Most free programming which is widely shared is done in English, and currently, English is used as the main communicating language between national communities collaborating to free software. This very document is written in English. This will not change in the foreseeable future.

However, there is a strong appetite from national communities for having more software able to write using national language and habits, and there is an on-going effort to modify free software in such a way that it becomes able to do so. The experiments driven so far raised an enthusiastic response from pretesters, so we believe that internationalization of free software is dedicated to succeed.

For suggestion clarifications, additions or corrections to this document, please e-mail to ` Adres poczty elektronicznej jest chroniony przed robotami spamującymi. W przeglądarce musi być włączona obsługa JavaScript, żeby go zobaczyć. '.


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12.3 Discussions

NOTE: This documentation section is outdated and needs to be revised.

Facing this internationalization effort, a few users expressed their concerns. Some of these doubts are presented and discussed, here.

  • Smaller groups

    Some languages are not spoken by a very large number of people, so people speaking them sometimes consider that there may not be all that much demand such versions of free software packages. Moreover, many people being into computers, in some countries, generally seem to prefer English versions of their software.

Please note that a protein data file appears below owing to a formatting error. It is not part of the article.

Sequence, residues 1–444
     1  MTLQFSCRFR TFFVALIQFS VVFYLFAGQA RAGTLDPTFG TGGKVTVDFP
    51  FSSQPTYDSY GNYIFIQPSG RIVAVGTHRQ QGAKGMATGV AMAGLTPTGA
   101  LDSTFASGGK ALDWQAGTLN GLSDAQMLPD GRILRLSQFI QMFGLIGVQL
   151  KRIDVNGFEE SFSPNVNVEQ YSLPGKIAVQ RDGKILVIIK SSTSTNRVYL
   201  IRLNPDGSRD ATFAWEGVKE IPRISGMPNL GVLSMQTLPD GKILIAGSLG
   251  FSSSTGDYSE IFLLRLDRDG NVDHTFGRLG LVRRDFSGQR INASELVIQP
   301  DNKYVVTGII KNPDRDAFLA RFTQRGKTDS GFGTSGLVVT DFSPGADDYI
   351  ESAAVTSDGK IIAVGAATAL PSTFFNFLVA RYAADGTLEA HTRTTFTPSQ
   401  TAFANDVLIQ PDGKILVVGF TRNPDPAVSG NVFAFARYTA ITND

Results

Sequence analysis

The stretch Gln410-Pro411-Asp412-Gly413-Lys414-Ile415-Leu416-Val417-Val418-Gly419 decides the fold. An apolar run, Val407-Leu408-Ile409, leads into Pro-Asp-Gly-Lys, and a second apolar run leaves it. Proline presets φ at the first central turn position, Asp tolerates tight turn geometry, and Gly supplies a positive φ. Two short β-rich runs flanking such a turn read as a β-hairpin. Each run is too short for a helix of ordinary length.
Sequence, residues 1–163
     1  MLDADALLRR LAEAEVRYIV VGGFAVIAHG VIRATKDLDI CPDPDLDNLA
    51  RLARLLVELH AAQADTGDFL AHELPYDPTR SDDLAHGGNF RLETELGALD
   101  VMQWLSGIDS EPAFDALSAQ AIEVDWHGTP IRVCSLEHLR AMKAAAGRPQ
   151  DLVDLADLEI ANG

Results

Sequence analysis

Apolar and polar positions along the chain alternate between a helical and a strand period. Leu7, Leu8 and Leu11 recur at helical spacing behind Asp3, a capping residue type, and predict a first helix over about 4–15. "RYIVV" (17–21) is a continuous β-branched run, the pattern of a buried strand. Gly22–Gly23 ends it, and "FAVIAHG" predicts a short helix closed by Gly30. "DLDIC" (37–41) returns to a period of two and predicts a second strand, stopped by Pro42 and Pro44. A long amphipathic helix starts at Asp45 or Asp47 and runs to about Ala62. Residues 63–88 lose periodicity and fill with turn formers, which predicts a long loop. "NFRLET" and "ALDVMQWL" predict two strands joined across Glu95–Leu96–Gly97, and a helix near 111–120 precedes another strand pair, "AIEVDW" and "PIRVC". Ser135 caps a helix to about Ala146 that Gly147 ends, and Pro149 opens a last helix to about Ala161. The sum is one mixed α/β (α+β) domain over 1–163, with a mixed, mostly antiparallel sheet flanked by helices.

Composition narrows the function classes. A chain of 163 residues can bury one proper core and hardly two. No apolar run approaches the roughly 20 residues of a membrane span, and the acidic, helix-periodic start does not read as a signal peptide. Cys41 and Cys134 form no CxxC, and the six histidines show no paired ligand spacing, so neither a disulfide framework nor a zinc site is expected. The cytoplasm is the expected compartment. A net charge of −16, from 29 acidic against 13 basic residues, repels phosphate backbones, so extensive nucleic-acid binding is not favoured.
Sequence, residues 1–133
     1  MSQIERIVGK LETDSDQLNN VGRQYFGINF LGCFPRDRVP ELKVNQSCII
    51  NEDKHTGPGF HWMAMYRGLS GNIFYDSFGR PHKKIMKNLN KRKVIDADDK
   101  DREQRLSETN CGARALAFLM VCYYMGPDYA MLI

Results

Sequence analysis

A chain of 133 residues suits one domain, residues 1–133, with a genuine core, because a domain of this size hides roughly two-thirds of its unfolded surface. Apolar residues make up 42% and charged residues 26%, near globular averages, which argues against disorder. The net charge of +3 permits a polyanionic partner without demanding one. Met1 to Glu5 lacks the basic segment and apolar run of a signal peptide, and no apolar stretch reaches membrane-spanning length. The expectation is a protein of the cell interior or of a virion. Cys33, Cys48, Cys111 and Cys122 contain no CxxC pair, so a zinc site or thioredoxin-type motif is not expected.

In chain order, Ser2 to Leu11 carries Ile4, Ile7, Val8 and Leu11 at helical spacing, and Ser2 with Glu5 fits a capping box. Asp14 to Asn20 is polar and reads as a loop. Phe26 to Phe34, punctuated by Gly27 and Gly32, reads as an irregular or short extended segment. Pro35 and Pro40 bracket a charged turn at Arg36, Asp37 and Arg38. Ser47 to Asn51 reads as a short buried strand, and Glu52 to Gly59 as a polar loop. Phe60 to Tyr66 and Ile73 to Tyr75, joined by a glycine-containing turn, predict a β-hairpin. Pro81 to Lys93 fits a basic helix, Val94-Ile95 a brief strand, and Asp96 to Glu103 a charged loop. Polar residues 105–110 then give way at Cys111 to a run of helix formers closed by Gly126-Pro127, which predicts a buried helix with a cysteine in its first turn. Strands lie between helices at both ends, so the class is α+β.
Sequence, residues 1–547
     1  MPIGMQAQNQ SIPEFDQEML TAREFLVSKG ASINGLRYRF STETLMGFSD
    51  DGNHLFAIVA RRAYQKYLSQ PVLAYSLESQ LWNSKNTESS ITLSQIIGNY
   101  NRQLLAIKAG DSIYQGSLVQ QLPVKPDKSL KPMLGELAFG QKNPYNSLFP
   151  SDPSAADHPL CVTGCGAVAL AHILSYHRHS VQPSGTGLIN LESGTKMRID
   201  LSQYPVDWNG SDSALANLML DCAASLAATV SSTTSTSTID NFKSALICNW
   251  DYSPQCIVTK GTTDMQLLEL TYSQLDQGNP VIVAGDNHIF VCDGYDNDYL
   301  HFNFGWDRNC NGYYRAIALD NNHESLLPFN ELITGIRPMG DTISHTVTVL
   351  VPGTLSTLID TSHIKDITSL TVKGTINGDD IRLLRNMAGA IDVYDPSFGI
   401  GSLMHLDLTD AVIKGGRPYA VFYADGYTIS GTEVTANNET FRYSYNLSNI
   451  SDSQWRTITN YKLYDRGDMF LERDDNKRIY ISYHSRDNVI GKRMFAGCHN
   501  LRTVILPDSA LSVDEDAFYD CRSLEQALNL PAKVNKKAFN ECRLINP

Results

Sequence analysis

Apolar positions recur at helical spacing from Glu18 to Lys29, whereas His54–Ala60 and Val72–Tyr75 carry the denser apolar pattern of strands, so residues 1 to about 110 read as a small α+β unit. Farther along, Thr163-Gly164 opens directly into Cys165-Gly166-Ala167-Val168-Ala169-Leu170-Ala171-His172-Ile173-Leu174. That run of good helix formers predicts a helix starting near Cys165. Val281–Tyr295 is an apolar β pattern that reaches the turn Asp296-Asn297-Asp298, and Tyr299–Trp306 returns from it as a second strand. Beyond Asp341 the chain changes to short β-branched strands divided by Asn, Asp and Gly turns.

On the other end, people might enjoy their own language a lot, and be very motivated at providing to themselves the pleasure of having their beloved free software speaking their mother tongue. They do themselves a personal favor, and do not pay that much attention to the number of people benefiting of their work.

  • Misinterpretation

    Other users are shy to push forward their own language, seeing in this some kind of misplaced propaganda. Someone thought there must be some users of the language over the networks pestering other people with it.

    But any spoken language is worth localization, because there are people behind the language for whom the language is important and dear to their hearts.